Anybody but Hillary? The case for Warren-Webb in 2016.
With a Hillary Clinton candidacy looking weaker by the day, it's time for Democrats to consider other options
Time for Democrats to start rethinking this whole Hillary-is-inevitable thing.
Don't get me wrong: I admire Hillary Clinton. When her supporters claim she may be the most qualified person ever to seek the presidency, they have a point. Lawyer, children's advocate, first lady of Arkansas, first lady of the United States, head of the Task Force on National Health Care Reform, senator, secretary of State — what else could you possibly want or expect from a first-tier presidential candidate? A stint on the Supreme Court?
When it comes to ideology, her centrist instincts don't repel me. Indeed, they come pretty close to making her my ideal candidate (at least on domestic policy).
But, but, but…
As any number of critics have pointed out since the State Department email imbroglio broke earlier this month, Clinton is a candidate with an enormous amount of baggage, and too many signs of questionable judgment — all of them arising from that distinctive mixture of entitlement, paranoid defensiveness, and petty corruption that are now her family's stock-in-trade. Add in her slightly pissy attitude when faced with unwanted questions by the press, and you have a pretty charmless candidate.
Then there are her myriad entanglements with Wall Street and foreign governments — and the members of both who trade donations to the Clinton Foundation for access to two of the most powerful people in the United States. You know what's the one thing that will inoculate the GOP nominee against looking like a sop to the super-rich? Running against a Democrat who's even more enmeshed with and beholden to the global elite than the most plutocratically inclined Republican.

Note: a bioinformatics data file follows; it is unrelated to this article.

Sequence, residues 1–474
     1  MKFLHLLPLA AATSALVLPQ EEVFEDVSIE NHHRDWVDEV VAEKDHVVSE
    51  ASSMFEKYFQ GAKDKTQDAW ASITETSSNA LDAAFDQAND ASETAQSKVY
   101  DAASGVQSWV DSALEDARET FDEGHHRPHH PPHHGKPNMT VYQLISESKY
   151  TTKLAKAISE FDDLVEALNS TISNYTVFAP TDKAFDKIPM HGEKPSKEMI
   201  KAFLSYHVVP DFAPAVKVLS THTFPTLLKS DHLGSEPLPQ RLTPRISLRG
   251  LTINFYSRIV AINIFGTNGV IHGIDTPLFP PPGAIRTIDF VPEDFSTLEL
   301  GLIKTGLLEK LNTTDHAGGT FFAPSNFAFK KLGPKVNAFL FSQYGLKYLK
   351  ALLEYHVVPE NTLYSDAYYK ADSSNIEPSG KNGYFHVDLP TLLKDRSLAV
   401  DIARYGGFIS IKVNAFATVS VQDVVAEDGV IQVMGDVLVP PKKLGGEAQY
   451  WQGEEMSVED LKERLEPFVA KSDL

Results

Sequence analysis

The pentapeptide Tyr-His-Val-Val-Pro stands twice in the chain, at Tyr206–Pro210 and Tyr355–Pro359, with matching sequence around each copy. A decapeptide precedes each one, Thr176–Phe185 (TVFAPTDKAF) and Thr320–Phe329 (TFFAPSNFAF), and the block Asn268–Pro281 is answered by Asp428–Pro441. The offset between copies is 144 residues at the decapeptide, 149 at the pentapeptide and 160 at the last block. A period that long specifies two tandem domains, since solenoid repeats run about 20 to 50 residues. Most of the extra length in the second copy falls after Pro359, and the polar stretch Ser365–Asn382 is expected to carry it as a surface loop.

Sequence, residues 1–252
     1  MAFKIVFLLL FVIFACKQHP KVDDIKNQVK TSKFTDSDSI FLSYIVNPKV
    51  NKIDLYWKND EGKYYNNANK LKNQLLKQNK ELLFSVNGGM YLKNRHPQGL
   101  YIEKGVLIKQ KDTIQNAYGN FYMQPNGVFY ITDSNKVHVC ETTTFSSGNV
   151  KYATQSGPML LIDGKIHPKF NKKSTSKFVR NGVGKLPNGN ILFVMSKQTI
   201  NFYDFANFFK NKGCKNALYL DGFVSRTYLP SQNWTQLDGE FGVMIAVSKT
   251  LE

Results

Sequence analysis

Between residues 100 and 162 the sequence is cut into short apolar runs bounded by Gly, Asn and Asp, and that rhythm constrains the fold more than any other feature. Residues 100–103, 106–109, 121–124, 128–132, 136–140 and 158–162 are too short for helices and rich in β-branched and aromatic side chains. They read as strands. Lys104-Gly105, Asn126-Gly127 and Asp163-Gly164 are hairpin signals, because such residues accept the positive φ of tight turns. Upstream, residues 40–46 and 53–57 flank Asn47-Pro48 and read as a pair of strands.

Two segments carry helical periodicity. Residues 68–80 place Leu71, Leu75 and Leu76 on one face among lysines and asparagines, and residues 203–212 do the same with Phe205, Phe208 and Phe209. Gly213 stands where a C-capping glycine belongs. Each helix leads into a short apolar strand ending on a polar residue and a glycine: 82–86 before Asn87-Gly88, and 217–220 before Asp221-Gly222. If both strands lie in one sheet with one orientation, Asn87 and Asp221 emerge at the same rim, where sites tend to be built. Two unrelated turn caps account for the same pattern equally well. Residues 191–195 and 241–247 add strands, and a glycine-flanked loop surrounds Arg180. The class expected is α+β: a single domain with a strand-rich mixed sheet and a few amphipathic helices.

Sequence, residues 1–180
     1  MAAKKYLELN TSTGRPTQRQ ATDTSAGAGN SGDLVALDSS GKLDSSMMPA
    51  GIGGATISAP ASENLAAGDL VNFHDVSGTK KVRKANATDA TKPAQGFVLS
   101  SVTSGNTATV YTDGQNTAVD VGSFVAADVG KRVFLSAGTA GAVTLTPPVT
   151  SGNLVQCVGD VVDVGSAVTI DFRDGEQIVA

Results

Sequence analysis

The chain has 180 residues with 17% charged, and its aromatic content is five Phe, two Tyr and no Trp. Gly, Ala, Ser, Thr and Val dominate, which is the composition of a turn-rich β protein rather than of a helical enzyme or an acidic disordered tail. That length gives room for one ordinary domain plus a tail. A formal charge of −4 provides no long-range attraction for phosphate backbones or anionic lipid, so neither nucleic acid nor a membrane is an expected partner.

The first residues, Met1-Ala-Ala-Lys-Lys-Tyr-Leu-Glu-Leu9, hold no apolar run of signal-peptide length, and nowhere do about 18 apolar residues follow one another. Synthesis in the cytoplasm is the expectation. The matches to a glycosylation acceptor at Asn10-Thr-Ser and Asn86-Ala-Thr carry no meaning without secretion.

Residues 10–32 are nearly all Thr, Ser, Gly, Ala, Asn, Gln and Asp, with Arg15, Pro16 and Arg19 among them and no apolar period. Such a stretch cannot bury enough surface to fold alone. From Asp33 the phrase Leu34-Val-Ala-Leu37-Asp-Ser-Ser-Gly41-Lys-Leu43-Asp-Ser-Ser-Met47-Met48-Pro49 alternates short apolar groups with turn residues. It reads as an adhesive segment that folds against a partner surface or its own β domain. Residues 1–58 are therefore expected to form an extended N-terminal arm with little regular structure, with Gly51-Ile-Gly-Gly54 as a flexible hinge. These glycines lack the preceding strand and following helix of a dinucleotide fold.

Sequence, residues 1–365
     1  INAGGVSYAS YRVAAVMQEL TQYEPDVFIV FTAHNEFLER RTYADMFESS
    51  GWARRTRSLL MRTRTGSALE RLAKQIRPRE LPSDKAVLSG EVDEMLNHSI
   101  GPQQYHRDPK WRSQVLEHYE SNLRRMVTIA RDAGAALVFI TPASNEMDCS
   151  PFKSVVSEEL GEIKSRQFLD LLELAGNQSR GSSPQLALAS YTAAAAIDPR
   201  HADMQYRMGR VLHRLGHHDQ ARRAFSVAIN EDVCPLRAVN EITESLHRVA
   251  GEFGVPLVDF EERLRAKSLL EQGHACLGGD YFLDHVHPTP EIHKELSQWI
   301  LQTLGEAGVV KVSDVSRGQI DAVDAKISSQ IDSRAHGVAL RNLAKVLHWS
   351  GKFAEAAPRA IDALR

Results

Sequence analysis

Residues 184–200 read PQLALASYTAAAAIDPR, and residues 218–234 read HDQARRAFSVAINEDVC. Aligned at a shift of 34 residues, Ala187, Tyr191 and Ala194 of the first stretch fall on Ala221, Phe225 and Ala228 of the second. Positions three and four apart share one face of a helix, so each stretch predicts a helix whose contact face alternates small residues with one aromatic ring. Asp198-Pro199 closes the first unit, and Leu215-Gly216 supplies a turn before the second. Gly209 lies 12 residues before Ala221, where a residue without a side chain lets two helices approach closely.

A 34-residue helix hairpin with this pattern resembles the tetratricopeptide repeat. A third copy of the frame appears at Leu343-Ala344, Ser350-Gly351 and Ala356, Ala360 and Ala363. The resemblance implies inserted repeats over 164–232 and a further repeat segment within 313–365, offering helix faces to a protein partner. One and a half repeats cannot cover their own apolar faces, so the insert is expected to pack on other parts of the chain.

I can't think of a candidate more out of step with the country's populist mood — or desire for a fresh face in 2016.
Finally, there's international affairs. Everything we know about Hillary Clinton — from her long-term foreign policy positions, to the stances she took while (and after) working in the Obama administration, to the calculations she's likely to make as the first female commander-in-chief — point to her being a very hawkish candidate. Who will almost certainly be running against a typically war-drunk Republican. (Rand Paul's candidacy isn't going anywhere, and even he has backed away from his boldest anti-interventionist statements.) America desperately needs a choice, a debate, about the U.S. role in the world — and someone who can and will push back against Republican warmongering. Clinton certainly isn't going to do it.
It would be one thing if there were no viable alternatives among the Democrats. In that case, I'd join liberals in circling the wagons around Clinton, convinced that, for all of her flaws, we'd be far better off with her in the Oval Office than with just about anyone from the party that produces candidates like the Frank Underwood protégé who chose to announce his presidential candidacy this week at a bastion of Protestant fundamentalism.
But there is an alternative, and a damn good one. Two of them, actually: Elizabeth Warren and Jim Webb.